The Senate Judiciary Committee announced Friday that it plans to hold a hearing examining Texas’ six-week abortion ban and the controversial, expedited Supreme Court procedure that allowed it to take effect this week.
The hearing — for which a date and witnesses have not been announced — is one of several fronts where Democrats are pushing back on the Texas abortion ban and on the conservative Supreme Court majority that let it go into force, despite its violation of the precedent set by the 1973 Roe v. Wade decision.
The growing political response drags the court further into the partisan brawl that Chief Justice John Roberts has desperately tried to avoid in his stewardship of the court. Roberts dissented from the conservative majority that refused to block the Texas law.
“The Supreme Court must operate with the highest regard for judicial integrity in order to earn the public’s trust,” Judiciary Committee Chairman Dick Durbin, an Illinois Democrat, said in a statement. “This anti-choice law is a devastating blow to Americans’ constitutional rights — and the Court allowed it to see the light of day without public deliberation or transparency.”
The hearing will examine the Supreme Court’s use of the so-called “shadow docket,” the nickname for emergency actions taken by the court that do not go through the full briefing and hearing process of a formal opinion.
By a 5-4 vote, the court just before midnight Wednesday issued an order that declined a request by abortion clinics that the justices block the Texas law, which was designed specifically with the aim of complicating the legal process by which federal courts weigh blocking laws before they go into effect.
The order came on the heels of two other major shadow docket orders the justices issued last month: one requiring the Biden administration to revive a Trump-era immigration policy and another throwing out the Biden administration’s eviction moratorium.
“At a time when public confidence in government institutions has greatly eroded, we must examine not just the constitutional impact of allowing the Texas law to take effect, but also the conservative Court’s abuse of the shadow docket,” Durbin said in the hearing announcement, which also referenced a sharp dissent Justice Elena Kagan issued that criticized how the conservative majority has been using the shadow docket.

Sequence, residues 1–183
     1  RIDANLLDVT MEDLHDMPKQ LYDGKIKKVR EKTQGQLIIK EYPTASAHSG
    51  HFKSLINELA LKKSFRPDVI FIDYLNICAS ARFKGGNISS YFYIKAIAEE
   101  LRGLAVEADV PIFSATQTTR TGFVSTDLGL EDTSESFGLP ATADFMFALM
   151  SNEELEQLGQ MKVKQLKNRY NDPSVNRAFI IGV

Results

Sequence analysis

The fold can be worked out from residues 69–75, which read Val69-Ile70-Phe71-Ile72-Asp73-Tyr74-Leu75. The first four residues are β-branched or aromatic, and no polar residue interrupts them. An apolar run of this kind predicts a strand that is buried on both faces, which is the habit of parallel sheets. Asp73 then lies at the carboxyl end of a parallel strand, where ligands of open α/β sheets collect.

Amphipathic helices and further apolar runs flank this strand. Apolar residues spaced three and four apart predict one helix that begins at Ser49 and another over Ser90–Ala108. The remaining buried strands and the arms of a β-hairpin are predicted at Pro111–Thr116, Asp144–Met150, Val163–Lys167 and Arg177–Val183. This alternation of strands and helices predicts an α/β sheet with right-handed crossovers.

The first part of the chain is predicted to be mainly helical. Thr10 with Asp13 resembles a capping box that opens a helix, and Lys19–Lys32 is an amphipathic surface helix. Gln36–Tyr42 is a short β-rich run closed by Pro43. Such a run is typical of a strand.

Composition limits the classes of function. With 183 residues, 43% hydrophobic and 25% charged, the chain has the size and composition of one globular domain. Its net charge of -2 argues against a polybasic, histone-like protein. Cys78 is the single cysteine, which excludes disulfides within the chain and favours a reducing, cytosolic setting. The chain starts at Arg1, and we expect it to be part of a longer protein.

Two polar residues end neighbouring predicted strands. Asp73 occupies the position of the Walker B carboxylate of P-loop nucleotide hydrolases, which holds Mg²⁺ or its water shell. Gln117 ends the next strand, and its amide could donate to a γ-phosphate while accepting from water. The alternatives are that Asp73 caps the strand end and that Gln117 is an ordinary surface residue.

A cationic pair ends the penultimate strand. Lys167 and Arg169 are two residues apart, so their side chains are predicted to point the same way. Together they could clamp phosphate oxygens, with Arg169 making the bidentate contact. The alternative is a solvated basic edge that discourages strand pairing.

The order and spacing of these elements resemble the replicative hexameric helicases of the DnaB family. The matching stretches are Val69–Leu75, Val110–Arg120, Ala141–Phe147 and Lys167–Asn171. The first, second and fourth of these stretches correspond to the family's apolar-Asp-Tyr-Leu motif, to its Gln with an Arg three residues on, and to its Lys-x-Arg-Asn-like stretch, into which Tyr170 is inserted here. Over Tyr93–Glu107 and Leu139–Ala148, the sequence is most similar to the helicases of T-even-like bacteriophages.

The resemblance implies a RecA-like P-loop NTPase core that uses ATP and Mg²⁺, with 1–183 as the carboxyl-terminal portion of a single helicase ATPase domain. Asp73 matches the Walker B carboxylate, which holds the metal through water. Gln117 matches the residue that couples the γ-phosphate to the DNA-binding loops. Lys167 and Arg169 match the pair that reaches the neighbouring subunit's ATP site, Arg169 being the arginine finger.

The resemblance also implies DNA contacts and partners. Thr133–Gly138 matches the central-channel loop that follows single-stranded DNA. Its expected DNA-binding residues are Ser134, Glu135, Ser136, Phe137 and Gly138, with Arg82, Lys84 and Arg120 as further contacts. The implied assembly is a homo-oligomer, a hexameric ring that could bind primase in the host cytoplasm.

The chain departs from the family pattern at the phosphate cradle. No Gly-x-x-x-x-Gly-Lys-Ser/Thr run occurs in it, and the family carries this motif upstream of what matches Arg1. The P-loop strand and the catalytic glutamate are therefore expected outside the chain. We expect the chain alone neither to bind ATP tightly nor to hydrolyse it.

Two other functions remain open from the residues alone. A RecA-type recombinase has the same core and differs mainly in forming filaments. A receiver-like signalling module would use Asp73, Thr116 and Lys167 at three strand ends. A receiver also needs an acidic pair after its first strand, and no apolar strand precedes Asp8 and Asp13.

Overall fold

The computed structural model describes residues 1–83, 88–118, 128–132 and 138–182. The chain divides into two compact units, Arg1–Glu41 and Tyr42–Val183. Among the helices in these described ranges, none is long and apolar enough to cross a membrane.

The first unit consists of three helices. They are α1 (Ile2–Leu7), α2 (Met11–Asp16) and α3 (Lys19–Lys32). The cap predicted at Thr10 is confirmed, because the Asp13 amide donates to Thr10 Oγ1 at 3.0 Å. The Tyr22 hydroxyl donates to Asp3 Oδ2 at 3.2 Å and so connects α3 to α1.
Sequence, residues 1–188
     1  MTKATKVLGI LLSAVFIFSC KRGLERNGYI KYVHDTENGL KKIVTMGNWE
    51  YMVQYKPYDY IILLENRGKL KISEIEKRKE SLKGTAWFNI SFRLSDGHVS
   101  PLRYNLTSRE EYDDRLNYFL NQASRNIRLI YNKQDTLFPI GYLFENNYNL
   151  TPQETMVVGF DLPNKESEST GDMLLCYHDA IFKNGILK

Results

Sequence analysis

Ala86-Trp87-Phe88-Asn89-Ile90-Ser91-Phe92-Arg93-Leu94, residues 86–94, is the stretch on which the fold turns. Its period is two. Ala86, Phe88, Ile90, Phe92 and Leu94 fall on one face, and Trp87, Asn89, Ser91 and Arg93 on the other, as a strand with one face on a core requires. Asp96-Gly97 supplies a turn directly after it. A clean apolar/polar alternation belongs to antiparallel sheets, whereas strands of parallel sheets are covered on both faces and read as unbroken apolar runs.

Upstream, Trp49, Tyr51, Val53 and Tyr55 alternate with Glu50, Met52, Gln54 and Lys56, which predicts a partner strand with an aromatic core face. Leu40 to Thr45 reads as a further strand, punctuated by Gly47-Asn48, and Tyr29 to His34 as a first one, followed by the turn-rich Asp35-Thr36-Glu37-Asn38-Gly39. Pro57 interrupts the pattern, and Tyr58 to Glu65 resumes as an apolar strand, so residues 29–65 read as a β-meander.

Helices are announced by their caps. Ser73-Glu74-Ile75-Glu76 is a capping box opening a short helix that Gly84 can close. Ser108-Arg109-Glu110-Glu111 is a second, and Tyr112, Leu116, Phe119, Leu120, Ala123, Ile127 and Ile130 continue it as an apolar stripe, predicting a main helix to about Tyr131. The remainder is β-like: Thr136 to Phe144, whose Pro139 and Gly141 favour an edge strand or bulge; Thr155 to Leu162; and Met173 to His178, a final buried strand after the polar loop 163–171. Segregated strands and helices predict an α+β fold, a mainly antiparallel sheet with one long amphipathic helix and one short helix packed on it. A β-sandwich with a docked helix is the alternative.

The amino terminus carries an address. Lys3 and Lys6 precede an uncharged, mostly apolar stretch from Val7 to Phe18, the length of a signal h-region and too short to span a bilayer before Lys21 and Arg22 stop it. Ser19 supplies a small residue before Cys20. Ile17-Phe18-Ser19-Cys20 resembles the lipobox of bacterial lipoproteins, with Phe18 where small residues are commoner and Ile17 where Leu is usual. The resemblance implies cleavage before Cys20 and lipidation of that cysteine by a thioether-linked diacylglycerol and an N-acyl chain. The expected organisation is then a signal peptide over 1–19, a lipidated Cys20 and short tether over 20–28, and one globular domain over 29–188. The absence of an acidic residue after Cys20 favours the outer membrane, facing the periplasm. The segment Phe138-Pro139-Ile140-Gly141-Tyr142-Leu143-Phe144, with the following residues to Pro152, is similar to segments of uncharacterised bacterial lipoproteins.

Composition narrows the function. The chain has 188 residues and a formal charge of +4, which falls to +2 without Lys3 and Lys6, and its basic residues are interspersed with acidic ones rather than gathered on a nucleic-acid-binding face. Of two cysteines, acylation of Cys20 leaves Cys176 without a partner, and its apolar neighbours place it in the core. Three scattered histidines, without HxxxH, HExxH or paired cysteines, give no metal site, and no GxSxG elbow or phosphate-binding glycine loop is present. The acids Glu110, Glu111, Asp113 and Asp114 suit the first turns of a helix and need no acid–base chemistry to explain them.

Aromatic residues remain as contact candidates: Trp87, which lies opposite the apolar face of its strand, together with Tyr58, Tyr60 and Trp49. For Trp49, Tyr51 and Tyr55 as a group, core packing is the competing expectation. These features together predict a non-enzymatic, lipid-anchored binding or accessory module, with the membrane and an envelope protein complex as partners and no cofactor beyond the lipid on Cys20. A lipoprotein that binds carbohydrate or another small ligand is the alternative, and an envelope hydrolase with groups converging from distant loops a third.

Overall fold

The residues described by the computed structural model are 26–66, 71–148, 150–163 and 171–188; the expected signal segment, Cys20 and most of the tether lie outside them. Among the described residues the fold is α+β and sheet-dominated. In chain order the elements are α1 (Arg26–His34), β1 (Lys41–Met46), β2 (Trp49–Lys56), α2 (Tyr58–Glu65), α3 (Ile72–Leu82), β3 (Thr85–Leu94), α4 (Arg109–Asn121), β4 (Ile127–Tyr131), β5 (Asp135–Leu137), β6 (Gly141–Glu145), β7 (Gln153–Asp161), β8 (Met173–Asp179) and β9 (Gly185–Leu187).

In addition to Senate Democrats’ plans to scrutinize the court’s action in the Texas case, President Joe Biden said Thursday that his administration was mounting a “whole of government” response “to see what steps the Federal Government can take to ensure that women in Texas have access to safe and legal abortions.” Attorney General Merrick Garland also said the Justice Department was “evaluating all options to protect the constitutional rights of women, including access to an abortion.”
Still, Democrats are limited in their ability to deploy a legislative response that would protect abortion rights in the light of the Supreme Court’s lurch towards curtailing them. Democrats do not have the numbers in Congress to pass a bill that would create national, statutory protections around abortion access.
Nor do Democrats have the votes for the types of reforms to the Supreme Court that progressives have been pushing. Biden launched a commission to study those reforms after promising such a commission during the campaign, to deflect calls that he vow to expand the court.
The political response campaign being launched by Senate Democrats to scrutinize the inner workings of the court is not without precedent. After the Supreme Court handed down major rulings in 2015 in favor of same-sex marriage and upholding Obamacare, the then-GOP led Senate Judiciary Committee held a subcommittee hearing titled, “With Prejudice: Supreme Court Activism and Possible Solutions.”
During it, witnesses proposed mechanisms to remove judges and allow opportunities to override Supreme Court rulings.
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